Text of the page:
Netflix Inc. has agreed to put closed captions on 100 percent of its streaming content within two years to settle a lawsuit filed by the National Association of the Deaf last year. On October 10, the parties in National Association of the Deaf v. Netflix Inc. filed a joint consent decree to resolve the case. Last June, Senior Judge Michael Ponsor of the District of Massachusetts’ Springfield division ruled that the Americans with Disabilities Act of 1990 requires Netflix to provide closed-captioning text for its streaming technology. That ruling helped the plaintiffs achieve a positive settlement, said Arlene Mayerson, directing attorney of the Disability Rights Education and Defense Fund Inc. in Berkeley, Calif. Early on, the plaintiffs thought 100 percent streaming might have been an impossible goal, she said. “Now that Netflix has agreed to it, we’re hoping the rest of the companies do as well,” Mayerson said. She added that the Internet is a place of public accommodation: “There’s no question that it is a place that disabled people have to be included for the ADA to have meaning in the 21st century.” In a written statement, the association’s chief executive officer, Howard A. Rosenblum, stated, “The National Association of the Deaf congratulates Netflix for committing to 100% captioning, and is thrilled to announce that 48 million deaf and hard of hearing people will be able to fully access Netflix’s Watch Instantly services.” Also in a statement, Netflix chief product officer Neil Hunt said the company has “worked consistently to make the broadest possible selection of titles available to Netflix members who are deaf or hard of hearing and are far and away the industry leader in doing so.” Hunt added, “We are pleased to have reached this agreement and hope it serves as a benchmark for other providers of streaming video entertainment.” In June 2011, the association, the Western Massachusetts Association of the Deaf and Hearing Impaired and Lee Nettles, director of the Stavros Center for Independent Living in Springfield, filed the case. Ponsor temporarily stayed the case that November during rulemaking by the Federal Communications Commission. In the ruling this past June, Ponsor also denied Netflix’s motion for judgment on the pleadings and to certify an appeal to the U.S. Court of Appeals for the First Circuit. Ponsor also denied Netflix’s motion for judgment on the pleadings and to certify an appeal to the U.S. Court of Appeals for the First Circuit. Last month, Ponsor put the case on hold because the parties had entered into settlement talks. Lewis, Feinberg, Lee, Renaker & Jackson of Oakland, Calif. and Sugarman, Rogers, Barshak & Cohen of Boston also represented the plaintiffs. Morrison & Foerster represented Netflix. Sheri Qualters can be contacted at firstname.lastname@example.org.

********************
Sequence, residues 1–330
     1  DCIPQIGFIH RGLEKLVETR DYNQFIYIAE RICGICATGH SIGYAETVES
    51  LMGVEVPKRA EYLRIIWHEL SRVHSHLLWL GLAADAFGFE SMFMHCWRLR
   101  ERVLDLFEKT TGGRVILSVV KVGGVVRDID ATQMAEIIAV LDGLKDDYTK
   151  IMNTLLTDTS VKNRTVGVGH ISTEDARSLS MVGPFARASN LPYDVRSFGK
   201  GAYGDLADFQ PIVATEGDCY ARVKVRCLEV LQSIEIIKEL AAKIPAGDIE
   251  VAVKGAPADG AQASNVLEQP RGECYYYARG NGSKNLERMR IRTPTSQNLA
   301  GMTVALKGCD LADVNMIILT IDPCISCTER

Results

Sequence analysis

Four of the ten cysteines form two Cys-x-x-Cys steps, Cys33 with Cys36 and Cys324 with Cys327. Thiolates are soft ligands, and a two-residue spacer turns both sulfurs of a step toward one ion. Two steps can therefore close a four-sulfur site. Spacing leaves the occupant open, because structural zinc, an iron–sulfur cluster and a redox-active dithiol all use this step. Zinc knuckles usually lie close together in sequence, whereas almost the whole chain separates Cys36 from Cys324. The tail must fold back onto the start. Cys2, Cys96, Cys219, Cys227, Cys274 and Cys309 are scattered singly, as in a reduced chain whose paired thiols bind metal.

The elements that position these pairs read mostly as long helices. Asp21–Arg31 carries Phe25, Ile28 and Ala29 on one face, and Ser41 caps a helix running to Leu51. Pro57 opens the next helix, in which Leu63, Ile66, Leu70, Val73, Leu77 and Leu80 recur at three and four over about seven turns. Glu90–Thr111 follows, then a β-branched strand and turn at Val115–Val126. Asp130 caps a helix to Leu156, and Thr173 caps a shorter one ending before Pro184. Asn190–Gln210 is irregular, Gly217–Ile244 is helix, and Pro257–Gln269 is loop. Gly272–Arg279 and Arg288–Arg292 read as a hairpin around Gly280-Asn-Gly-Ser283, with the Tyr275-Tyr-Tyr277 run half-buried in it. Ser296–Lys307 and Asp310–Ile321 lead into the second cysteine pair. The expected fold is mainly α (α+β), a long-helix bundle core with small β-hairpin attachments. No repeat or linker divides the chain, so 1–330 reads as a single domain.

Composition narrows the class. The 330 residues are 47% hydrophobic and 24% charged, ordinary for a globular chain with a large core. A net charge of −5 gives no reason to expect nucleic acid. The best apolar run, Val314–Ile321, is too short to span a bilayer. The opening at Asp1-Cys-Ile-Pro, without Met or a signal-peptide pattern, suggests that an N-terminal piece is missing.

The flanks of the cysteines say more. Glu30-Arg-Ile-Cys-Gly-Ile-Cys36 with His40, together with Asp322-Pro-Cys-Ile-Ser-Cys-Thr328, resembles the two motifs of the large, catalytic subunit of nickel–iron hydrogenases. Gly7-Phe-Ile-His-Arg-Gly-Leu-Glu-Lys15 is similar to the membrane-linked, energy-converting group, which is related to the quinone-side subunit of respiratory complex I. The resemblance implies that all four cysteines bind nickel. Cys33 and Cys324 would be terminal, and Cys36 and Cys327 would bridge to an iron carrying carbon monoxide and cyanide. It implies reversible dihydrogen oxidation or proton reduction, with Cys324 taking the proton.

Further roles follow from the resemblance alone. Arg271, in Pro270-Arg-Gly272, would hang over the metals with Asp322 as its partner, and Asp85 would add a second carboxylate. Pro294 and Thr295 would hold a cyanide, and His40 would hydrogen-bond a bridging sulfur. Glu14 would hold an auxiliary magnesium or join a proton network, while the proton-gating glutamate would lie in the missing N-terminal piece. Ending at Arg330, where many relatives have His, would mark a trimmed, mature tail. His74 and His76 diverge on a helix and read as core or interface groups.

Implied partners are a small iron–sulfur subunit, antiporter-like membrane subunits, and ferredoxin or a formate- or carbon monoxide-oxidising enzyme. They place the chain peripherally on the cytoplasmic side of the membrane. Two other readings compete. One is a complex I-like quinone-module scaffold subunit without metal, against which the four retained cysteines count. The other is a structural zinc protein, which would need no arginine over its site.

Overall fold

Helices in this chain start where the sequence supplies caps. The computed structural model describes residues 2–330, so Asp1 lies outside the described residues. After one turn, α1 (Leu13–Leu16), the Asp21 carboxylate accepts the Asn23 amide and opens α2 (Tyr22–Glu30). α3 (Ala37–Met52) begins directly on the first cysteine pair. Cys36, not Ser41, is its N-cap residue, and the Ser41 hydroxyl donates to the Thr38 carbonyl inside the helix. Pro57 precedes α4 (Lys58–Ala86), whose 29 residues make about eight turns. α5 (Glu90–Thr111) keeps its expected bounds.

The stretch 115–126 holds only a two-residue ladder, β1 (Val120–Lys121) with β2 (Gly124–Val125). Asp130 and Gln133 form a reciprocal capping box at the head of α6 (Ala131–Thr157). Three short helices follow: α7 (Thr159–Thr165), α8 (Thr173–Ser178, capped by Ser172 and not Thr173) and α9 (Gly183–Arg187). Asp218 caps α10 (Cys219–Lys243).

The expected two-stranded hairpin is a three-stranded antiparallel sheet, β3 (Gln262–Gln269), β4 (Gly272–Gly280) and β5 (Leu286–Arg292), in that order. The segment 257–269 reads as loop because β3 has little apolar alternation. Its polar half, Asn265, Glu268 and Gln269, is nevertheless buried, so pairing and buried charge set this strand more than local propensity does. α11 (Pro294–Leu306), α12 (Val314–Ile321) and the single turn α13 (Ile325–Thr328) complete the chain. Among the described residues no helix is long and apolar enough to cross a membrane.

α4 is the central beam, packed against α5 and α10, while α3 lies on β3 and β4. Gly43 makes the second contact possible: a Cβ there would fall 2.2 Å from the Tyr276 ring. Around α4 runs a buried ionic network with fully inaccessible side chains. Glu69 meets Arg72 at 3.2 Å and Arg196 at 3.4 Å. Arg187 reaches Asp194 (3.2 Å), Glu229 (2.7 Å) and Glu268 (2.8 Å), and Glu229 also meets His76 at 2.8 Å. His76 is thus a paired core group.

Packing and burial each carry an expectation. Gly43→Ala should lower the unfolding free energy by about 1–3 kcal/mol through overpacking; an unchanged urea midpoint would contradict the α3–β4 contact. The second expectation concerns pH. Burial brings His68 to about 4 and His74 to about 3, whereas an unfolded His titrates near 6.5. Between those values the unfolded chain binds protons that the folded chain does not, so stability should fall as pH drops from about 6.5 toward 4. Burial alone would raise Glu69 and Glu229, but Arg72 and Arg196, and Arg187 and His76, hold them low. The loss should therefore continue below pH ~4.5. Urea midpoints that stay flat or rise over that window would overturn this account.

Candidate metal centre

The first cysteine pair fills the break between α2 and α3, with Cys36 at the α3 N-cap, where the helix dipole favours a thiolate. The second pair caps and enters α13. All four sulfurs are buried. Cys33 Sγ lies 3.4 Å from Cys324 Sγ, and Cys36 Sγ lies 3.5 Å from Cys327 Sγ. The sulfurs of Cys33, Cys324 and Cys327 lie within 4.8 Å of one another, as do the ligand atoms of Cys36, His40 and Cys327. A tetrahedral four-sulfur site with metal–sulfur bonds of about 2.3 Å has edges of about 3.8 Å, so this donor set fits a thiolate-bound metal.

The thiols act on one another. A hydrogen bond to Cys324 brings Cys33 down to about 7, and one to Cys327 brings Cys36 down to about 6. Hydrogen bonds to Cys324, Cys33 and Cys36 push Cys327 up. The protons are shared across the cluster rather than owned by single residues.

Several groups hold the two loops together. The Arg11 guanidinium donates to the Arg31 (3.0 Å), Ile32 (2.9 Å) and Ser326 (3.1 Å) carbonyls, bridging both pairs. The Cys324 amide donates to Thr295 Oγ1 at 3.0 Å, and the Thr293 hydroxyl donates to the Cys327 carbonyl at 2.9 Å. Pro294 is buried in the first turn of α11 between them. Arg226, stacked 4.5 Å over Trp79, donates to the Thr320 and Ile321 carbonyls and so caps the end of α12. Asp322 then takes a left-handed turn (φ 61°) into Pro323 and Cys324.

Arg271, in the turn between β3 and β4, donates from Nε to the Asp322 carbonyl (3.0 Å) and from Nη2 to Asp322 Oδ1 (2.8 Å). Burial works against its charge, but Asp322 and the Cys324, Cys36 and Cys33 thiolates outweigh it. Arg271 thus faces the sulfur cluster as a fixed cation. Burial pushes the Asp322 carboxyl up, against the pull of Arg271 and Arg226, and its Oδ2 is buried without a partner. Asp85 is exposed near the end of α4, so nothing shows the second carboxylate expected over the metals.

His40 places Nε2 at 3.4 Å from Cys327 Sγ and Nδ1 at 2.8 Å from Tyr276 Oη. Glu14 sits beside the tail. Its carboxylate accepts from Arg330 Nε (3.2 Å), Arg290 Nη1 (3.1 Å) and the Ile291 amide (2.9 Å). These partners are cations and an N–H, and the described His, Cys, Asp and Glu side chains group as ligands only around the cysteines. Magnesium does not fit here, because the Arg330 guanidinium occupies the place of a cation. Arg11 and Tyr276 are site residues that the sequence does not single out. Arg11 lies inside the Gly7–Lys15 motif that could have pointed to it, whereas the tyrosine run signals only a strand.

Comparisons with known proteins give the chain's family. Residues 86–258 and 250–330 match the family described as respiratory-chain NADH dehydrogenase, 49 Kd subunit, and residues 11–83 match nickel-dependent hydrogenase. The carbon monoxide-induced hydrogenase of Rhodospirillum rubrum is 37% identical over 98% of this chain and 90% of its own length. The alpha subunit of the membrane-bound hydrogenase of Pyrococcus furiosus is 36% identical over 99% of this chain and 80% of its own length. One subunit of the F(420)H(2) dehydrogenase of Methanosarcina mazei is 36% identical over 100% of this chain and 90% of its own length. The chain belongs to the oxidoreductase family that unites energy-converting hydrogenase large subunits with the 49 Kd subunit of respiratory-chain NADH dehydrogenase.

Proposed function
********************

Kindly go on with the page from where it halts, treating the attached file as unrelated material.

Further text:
To view this content, please continue to Lexis Advance®.
Not a Lexis Advance® Subscriber? Subscribe Now
LexisNexis® is now the exclusive third party online distributor of the broad collection of current and archived versions of ALM's legal news publications. LexisNexis® customers will be able to access and use ALM's content by subscribing to the LexisNexis® services via Lexis Advance®. This includes content from the National Law Journal®, The American Lawyer®, Law Technology News®, The New York Law Journal® and Corporate Counsel®, as well as ALM's other newspapers, directories, legal treatises, published and unpublished court opinions, and other sources of legal information.
ALM's content plays a significant role in your work and research, and now through this alliance LexisNexis® will bring you access to an even more comprehensive collection of legal content.
For questions call 1-877-256-2472 or contact us at email@example.com